In Marcu (U.S. Pat. No. 5,597,358) no vacuum pressure is mentioned or implied. Since Marcu needs an open top or an opening above the capsule to release the air contained at the upper side of the capsule while going upward with the central capsule valve closed, even though in claim 1 and in the 9th paragraph of the 24 paragraphs Marcu mention that he has an adjustable Droseling valve (a flow valve) at the upper part of the tube, this would still not imply having a vacuum pressure in the system. Marcu also has to have the top open to free air when his capsule drops at a free fall speed. In no instance may there be a vacuum pressure in the upper area of the tube in Marcu. This would be a slowing mechanism when Marcu is trying to accelerate. This reasoning is made because in all instances during the climbing of the capsule and the free fall of the capsule, Marcu has to have atmospheric pressure above the capsule in order to have his capsule go up to the highest point before and after the capsule drops on a free fall, which implies that Marcu may not have any type of negative or vacuum pressures in the system, otherwise it would not perform properly. As for the stopping of the capsule at the end of the run, Marcu uses the central valve in the capsule with the desmodromic mechanism (lever actuated valve) in the closed position to decelerate and stop the capsule with positive pressure (Marcu also has a set of springs at the bottom to have an additional mechanical way of stopping the capsule in case there is a mishap if the valve does not close properly). Therefore at all times the capsule is controlled with a positive pressure. Marcu also mentions the Droselling valve that is placed from the inside to the outside at the bottom of the tube where this valve is used to release the positive pressure when bringing the capsule to a stop. This mechanism is not similar to the present invention, especially because the invention that Marcu discloses is not related to escape devices.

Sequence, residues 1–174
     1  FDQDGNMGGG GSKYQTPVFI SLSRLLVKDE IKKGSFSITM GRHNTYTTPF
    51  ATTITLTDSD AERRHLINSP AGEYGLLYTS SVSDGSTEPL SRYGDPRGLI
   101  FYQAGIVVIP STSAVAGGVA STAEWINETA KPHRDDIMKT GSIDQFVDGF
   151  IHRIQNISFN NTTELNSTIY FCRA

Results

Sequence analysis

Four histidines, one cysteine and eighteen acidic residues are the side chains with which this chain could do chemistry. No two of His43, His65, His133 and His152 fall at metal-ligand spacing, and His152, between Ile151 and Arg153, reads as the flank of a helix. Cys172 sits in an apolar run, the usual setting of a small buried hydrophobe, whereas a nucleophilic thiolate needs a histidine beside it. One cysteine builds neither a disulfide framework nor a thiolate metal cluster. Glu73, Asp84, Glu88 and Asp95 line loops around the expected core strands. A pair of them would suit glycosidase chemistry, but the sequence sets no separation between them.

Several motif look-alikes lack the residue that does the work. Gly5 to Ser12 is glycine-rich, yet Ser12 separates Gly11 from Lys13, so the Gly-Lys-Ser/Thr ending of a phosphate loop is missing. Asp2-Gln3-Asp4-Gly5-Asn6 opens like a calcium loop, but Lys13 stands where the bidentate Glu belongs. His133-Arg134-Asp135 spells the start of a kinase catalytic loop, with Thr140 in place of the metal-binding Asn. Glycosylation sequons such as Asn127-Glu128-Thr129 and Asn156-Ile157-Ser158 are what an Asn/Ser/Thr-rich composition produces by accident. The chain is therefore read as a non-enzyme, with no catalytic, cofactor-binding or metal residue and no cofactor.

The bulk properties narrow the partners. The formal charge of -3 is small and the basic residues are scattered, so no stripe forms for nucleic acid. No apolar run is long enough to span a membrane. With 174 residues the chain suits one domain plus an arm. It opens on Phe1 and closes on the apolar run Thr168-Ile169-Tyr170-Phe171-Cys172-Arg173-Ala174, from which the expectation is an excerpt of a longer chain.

On the contrary, the vacuum and/or negative pressures are pertinent to the present invention and are not known to have been mentioned before in prior inventions. The stopping of the present invention with a vacuum pressure for an escape device is a novelty and these are not implied in the Marcu system.